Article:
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'Real Housewives': Sugar...and vice

Inside Bravo’s growing franchise; how the network created a phenomenon by turning the cameras on four groups (so far) of rich socialites with lots of dirty laundry they’re ready, willing, and able to share

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The Real Housewives of New York City, Alex McCord, ...

When one imagines a loft full of New York socialites on a Sunday afternoon, the images that come to mind probably involve tea, polite gossip, perhaps a light smattering of petits fours. But when the ladies brought together on this blustery March day are from Bravo’s The Real Housewives of New York City, the reality is, frankly, a lot less civilized.

”I’m wearing Spanx!” the group’s mother hen, Jill Zarin, 45, shrieks to no one in particular. Natural-foods chef Bethenny Frankel, 38, fields a call from a New York Post reporter seeking comment (or, more likely, dish) about the breaking news that her castmate, model and writer Kelly Bensimon, 40, was arrested four days earlier for allegedly slugging her boyfriend. Kelly, unamused, locks herself in a closet to take crisis calls of her own. (She would later enter a plea of not guilty and was scheduled to be in court March 31.) When nutty Ramona Singer, 52, finally turns up — 45 minutes late — she announces to the room that thanks to a recent bout with strep, she’s managed to shed a glorious three pounds. Series outcast Alex McCord, 35, awkwardly stares at her diamond-encrusted heels, while the last Housewife, etiquette-obsessed Countess LuAnn de Lesseps, 43, prances around in a too-too-short coat…and no pants.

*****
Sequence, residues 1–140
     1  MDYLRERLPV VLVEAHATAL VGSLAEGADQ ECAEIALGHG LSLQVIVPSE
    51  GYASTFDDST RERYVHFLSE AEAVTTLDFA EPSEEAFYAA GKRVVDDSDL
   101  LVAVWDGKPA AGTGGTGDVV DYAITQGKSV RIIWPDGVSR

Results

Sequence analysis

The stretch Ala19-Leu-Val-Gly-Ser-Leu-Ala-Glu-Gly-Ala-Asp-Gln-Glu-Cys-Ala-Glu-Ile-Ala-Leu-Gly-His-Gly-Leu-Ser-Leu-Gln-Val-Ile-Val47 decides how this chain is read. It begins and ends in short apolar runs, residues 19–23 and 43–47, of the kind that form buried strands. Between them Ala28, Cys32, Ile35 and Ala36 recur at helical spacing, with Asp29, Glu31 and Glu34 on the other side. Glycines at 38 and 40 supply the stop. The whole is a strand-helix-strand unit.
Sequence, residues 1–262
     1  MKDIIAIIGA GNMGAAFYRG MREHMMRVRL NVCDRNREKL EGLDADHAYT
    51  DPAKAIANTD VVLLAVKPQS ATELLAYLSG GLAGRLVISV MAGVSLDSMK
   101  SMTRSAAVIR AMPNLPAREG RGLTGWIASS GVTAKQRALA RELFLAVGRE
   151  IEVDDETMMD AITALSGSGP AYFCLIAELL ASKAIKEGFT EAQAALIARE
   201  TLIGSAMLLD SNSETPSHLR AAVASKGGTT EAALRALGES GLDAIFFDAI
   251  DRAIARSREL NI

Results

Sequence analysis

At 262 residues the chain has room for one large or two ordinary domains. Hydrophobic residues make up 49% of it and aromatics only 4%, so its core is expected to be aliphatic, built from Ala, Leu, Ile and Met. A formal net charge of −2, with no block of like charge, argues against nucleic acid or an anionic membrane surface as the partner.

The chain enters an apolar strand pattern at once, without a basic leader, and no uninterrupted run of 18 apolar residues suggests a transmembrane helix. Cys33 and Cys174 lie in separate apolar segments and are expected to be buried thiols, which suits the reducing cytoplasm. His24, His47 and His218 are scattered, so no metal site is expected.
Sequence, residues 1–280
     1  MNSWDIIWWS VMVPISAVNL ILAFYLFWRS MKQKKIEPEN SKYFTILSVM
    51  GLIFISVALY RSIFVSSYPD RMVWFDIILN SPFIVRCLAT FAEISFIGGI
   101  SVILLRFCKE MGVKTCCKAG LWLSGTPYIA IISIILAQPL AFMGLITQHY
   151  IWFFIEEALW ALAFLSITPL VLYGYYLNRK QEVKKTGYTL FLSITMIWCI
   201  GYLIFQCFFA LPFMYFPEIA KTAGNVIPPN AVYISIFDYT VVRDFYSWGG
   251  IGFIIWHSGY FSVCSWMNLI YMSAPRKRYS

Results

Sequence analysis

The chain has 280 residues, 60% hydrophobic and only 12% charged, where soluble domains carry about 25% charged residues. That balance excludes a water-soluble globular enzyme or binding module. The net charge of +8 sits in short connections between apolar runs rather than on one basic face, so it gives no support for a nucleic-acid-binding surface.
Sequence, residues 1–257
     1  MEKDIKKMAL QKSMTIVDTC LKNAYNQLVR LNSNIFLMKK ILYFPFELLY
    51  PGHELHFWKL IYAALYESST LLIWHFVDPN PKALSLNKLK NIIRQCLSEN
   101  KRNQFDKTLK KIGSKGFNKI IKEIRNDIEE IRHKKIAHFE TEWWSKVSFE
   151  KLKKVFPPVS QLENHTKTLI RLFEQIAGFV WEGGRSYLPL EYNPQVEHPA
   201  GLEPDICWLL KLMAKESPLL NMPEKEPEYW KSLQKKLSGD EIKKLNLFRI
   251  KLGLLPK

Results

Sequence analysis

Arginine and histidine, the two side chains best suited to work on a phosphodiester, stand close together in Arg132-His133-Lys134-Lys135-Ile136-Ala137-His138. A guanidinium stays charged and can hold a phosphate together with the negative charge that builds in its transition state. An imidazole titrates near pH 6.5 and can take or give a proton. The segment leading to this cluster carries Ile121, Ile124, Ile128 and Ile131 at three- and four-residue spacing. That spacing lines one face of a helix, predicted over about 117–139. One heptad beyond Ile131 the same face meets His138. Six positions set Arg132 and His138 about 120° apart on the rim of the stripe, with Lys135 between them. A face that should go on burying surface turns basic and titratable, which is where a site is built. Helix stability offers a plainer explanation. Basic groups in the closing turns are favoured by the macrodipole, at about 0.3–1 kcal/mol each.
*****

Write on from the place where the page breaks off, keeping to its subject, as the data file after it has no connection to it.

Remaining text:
Is it any wonder that these women are reality TV stars? The Real Housewives of New York City — which follows the six ladies (and Alex’s polarizing husband, ”seventh Housewife” Simon Van Kempen) as they lounge in the Hamptons, drop thousands on shopping sprees, try to one-up each other on the charity circuit, and gossip relentlessly — is just one jewel in Bravo’s nouveau-riche reality franchise, which has buoyed the network in its brave new post-Project Runway world. With additional Real Housewives series based in Orange County, Atlanta, and New Jersey, Bravo has created the ultimate wish-fulfillment soap opera for our recession-plagued times — one that thrives on wealth, backstabbing, and general ridiculata. ”In one episode, I say something like ‘Yes, I’m sure people are envious of me, and that’s only natural,”’ says Bethenny, who admits to a little embarrassment over that less-than-graceful utterance. ”I wanted to blow my head off. But you know what? I said it.”

NEXT PAGE: A franchise is born in Orange County — and hits the jackpot in New York